Giving up oil and gas is an impossible utopia, says Alberta premier – .

Giving up oil and gas is an impossible utopia, says Alberta premier – .

The premier of Alberta says it is impossible for people living in a cold northern climate like Canada to give up fossil fuels, despite the dire findings of an international report on climate change.
While the United Nations Secretary-General has said the report should spell the end of coal and fossil fuels, Premier Jason Kenney has said demand for the underground fruits from this oil-rich province is going nowhere.

“The idea that we can shut down a major, industrialized economy with the flip of a switch is patently unrealistic,” Kenney told reporters at a press conference at an Edmonton brewery on Monday.

Ending the use of fossil fuels in a cold climate would come at “incalculable” cost in human lives, Kenney said.

He has been a strong advocate for Alberta’s oil and gas industry, creating a publicly funded “war room” to counter disinformation about producers’ environmental records and launching a $ 3.5 million public inquiry. dollars on foreign funding sources damaging the reputation of oil and petroleum in Alberta. gas.

The province has the third largest proven oil reserve in the world. The industry employs over 100,000 people in Alberta.

Kenney said Monday that the majority of the world depends on fossil fuels and that there is “no credible way” to eliminate the dependence of humans on this source of energy for the foreseeable future.

Canadians would have to park every vehicle, turn off their heat and give up air travel to do so, he said.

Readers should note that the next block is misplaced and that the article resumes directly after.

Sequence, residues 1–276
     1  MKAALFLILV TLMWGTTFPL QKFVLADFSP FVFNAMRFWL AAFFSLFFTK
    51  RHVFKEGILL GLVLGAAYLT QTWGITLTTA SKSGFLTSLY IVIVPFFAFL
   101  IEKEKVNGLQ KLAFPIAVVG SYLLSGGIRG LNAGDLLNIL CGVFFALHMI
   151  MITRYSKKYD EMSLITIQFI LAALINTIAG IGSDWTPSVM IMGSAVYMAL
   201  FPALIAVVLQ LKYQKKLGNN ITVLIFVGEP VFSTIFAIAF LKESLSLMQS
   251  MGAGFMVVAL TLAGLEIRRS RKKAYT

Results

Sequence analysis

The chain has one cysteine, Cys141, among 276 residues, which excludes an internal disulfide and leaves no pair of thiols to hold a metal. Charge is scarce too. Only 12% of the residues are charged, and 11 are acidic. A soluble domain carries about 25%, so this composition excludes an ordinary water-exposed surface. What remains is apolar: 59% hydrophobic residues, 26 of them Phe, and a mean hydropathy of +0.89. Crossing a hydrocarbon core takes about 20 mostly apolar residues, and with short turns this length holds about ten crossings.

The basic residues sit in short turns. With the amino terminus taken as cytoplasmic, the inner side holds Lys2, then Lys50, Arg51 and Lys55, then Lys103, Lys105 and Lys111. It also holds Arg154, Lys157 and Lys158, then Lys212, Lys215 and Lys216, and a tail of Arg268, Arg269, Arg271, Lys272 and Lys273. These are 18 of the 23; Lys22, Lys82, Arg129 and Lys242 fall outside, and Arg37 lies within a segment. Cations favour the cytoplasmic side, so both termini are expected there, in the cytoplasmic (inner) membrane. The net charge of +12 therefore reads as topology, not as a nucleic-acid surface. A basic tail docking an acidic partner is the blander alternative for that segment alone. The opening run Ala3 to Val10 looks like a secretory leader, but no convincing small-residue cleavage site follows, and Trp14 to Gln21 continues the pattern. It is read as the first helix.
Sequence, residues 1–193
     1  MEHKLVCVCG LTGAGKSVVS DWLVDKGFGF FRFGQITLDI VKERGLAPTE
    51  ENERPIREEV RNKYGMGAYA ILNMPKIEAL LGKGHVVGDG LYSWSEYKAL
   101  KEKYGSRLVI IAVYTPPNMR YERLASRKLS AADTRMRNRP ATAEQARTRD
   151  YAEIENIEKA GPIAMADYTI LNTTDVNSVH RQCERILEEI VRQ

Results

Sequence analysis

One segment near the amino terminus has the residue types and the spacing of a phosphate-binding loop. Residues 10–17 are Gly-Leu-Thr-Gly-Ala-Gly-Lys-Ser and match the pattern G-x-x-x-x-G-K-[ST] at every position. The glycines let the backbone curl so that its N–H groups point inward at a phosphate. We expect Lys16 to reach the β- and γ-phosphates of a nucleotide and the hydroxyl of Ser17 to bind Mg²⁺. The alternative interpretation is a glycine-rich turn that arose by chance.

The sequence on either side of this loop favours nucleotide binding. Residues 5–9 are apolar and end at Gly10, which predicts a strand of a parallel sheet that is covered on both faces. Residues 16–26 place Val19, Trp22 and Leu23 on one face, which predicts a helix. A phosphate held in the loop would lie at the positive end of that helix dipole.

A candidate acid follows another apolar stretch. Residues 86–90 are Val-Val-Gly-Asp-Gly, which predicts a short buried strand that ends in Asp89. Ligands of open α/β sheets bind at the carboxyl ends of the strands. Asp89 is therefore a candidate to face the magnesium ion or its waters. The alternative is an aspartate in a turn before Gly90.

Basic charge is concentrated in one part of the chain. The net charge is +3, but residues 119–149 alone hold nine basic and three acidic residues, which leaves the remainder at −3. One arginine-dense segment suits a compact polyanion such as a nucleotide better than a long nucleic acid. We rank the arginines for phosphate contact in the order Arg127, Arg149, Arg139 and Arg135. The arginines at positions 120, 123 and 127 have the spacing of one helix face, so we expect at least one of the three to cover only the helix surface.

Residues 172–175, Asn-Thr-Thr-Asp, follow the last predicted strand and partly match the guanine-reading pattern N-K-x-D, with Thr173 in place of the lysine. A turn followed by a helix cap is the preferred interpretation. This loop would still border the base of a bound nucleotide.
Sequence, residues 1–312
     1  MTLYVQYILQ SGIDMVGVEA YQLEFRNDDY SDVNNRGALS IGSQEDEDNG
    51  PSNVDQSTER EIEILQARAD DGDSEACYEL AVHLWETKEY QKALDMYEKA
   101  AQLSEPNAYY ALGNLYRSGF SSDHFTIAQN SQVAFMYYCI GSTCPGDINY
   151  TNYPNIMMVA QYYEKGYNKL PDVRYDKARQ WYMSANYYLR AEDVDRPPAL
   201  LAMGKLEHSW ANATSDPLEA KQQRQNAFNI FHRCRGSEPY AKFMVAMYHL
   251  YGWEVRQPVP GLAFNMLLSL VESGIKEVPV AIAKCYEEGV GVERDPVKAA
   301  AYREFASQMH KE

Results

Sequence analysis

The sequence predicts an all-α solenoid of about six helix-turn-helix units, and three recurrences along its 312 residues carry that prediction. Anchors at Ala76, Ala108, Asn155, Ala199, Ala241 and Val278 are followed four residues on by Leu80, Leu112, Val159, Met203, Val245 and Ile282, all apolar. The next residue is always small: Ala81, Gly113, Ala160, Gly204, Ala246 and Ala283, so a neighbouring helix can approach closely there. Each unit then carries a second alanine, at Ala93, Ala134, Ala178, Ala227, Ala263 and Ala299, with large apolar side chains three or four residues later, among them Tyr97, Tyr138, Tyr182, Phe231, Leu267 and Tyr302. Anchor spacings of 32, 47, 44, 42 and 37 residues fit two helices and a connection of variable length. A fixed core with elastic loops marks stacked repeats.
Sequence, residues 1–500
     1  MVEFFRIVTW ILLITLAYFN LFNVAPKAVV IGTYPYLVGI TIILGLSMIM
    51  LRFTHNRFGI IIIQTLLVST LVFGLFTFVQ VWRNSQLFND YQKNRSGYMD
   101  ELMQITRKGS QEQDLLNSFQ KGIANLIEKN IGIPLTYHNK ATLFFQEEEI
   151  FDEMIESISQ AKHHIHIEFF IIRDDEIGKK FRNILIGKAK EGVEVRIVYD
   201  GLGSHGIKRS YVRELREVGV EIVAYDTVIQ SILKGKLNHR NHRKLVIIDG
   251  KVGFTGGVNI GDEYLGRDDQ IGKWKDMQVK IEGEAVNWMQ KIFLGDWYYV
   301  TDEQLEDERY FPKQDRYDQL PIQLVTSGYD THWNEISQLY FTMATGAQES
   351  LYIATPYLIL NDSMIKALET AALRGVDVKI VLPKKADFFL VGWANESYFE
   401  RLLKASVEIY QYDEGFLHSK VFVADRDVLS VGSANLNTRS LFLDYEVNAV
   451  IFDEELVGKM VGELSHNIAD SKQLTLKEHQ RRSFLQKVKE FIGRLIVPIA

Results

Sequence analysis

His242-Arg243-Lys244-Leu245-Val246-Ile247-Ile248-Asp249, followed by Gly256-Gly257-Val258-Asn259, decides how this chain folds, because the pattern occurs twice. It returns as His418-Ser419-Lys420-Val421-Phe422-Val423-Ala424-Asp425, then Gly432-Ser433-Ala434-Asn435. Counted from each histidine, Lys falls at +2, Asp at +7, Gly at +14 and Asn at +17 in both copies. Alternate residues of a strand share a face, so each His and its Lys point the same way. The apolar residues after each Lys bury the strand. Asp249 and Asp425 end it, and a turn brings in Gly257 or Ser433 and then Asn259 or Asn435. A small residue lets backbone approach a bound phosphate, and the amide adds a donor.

“It is a utopian notion that we can suddenly end the use of hydrocarbon-based energy,” he said. “The challenge is to reduce the production of carbon and CO2, and Alberta is increasingly a world leader in this regard.

the Municipal Center for Climate Change, which is partially funded by the Government of Alberta, states on its website that electric vehicles operate in cold climates and produce fewer emissions than gasoline-powered cars, even using Alberta’s coal-dependent electricity grid .

Kenney pointed out that provincial investments in carbon capture, use and storage technology and industry plans for the first net-zero hydrogen plant near Edmonton were key steps in addressing the issue. climate change.

The Intergovernmental Panel on Climate Change report, released on Monday, says some of the effects of man-made climate change are now irreversible and will have consequences for decades or more.

The report says human activity will likely warm the earth by more than 2 ° C warmer than in pre-industrial times, causing inevitable sea level rise, droughts and flooding unless the world can. achieve “deep reductions” in greenhouse gas emissions.

Alberta is the number one producer of greenhouse gases in the country, according to the federal government. Total carbon dioxide emissions from the oil and gas sector have also increased over the past 30 years, although the industry is becoming less emissions intensive.

Major Canadian oil producers have pledged to become net zero by 2050.

The Alberta opposition says the United Conservative Party’s plan to cut emissions is lackluster and threatens to scare away global investors.

The NDP wants Alberta’s electricity grid to be net zero by 2035, economic development and innovation spokesperson Deron Bilous said in a statement.


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